When I’d first arrived in Japan and my internal clock was still a bit skewed, I awoke in Ikebukuro at 5:00 a.m. one morning and decided to go out to get breakfast. It was my first meal in Japan, something that I’d avoided (to my stomach’s dissatisfaction) due to the simple fact that I had no clue where to eat. After a bit of wandering, I somehow ended up at a hit and run breakfast place. It was designed specifically for the on-the-go business type who wants to skip a “To go” meal at his/her local McDonalds and opt for something a bit more healthy. At this type of restaurant, one selects and pays for their meal at a vending machine in the front of the shop, sits down at a table with their receipt ticket, and is served a homemade meal. I’d never heard of this style restaurant in my endless attempt to prepare myself before crossing the Pacific. Little did I know, but this experience would repeat itself many times over as I became acquainted with a country no amount of research had been able to prepare me for.
Unfortunately, but maybe fortunately, the hardest thing I’ve encountered living in a new country is quite simple not knowing what anything or where anything is. Specifically, what places sell what, where I can find that, etc. The intangible database of acquired phone book knowledge one accumulates throughout their entire life is utterly useless in a foreign country. While I had an idea of this before coming, I shrugged it off as something that would work itself out. But, beginning my extended stay in Japan, I realized just how much I relied on the existence of various corporations for everyday living.
Even before my first early morning breakfast, I was faced with a bit of a problem. My DSLR malfunctioned at the airport, and I was completely wrecked. Even with the directions I eventually scored form the internet, it took a week and three trips to Shinjuku to finally find the Canon repair center situated in the lower-level first floor of an intimidating office building. Not knowing where to go or who/how to ask is the most difficult thing I’ve encountered here. Especially if one is virtually illiterate due to a language change, getting around and getting things done can be a bit daunting.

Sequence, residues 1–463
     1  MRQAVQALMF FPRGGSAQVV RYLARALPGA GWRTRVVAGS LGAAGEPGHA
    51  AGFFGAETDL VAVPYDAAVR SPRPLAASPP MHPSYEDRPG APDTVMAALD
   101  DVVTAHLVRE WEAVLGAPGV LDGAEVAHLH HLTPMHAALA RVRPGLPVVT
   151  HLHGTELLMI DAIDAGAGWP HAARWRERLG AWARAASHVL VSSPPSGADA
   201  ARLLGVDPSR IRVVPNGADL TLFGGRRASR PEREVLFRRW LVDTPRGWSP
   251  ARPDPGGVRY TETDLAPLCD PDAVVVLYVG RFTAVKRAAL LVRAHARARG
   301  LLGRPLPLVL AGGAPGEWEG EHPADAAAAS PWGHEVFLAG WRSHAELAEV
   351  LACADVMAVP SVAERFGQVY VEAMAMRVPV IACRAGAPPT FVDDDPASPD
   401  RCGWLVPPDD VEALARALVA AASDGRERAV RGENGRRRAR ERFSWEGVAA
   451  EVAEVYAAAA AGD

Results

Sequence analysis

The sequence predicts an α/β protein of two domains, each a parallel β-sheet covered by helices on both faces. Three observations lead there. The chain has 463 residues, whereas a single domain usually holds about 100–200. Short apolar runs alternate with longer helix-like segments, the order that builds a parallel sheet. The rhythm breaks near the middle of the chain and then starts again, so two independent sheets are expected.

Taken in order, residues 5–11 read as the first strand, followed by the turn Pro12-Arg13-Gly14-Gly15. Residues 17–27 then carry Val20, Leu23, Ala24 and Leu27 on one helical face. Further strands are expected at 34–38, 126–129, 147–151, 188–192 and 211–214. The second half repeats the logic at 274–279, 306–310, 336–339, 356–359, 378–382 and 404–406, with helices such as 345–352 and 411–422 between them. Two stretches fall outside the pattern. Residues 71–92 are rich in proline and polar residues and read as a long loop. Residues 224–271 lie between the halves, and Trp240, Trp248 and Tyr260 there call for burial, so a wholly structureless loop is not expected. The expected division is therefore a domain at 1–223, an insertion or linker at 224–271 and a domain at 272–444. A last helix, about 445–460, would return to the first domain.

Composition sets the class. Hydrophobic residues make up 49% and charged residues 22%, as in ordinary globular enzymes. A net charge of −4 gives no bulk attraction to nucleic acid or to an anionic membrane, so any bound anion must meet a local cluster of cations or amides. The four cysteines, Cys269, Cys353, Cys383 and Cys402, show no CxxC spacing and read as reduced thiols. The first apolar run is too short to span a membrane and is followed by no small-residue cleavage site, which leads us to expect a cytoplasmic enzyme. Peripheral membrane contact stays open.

If I’ve learned anything thus far, living in foreign countries takes a willingness to discover and, simply enough, try new things. The big difficulties are, ironically, the small things, the everyday things, the things that no one cares to document for your nervous internet-combing needs. Though there are many maps of it, there’s no guide on how to use the subway, no one to tell you about Suica or Passmo cards, that Seiyu is Japan’s Walmart, that you can’t stand on the right side of escalators, or that there are two lines for every train door, one that stands to the left of the doors when they open, the other to the right.
No matter how many opinions on the country and its citizens I found, there was simply nothing that prepared me for actually living in Japan. Rather than sucking in the opinions and judgements of Japanese people and culture from other foreigners or long-stayers, my advice to anyone looking to or in preparation for staying in Japan would be to simply work on your Japanese. Speaking the native language is the only tool that can possibly help you navigate the hectic metropolis that is Tokyo, and is… really the only way, when combined with an adventurous initiative, to survive in Japan.